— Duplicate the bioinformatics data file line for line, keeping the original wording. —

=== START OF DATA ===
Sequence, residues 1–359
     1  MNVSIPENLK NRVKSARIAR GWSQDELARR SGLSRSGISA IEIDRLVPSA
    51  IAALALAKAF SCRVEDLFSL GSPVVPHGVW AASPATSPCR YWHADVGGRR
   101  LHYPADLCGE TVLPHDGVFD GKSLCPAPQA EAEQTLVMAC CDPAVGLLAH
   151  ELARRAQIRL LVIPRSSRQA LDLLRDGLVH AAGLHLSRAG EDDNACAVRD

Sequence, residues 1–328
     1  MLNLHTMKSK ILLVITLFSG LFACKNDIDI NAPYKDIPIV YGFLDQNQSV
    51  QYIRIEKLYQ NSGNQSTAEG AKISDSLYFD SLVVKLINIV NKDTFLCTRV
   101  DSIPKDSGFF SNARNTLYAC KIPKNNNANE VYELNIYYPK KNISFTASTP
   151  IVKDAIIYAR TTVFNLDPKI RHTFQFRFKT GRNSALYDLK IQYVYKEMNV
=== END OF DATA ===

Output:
Sequence, residues 1–359
     1  MNVSIPENLK NRVKSARIAR GWSQDELARR SGLSRSGISA IEIDRLVPSA
    51  IAALALAKAF SCRVEDLFSL GSPVVPHGVW AASPATSPCR YWHADVGGRR
   101  LHYPADLCGE TVLPHDGVFD GKSLCPAPQA EAEQTLVMAC CDPAVGLLAH
   151  ELARRAQIRL LVIPRSSRQA LDLLRDGLVH AAGLHLSRAG EDDNACAVRD

Sequence, residues 1–328
     1  MLNLHTMKSK ILLVITLFSG LFACKNDIDI NAPYKDIPIV YGFLDQNQSV
    51  QYIRIEKLYQ NSGNQSTAEG AKISDSLYFD SLVVKLINIV NKDTFLCTRV
   101  DSIPKDSGFF SNARNTLYAC KIPKNNNANE VYELNIYYPK KNISFTASTP
   151  IVKDAIIYAR TTVFNLDPKI RHTFQFRFKT GRNSALYDLK IQYVYKEMNV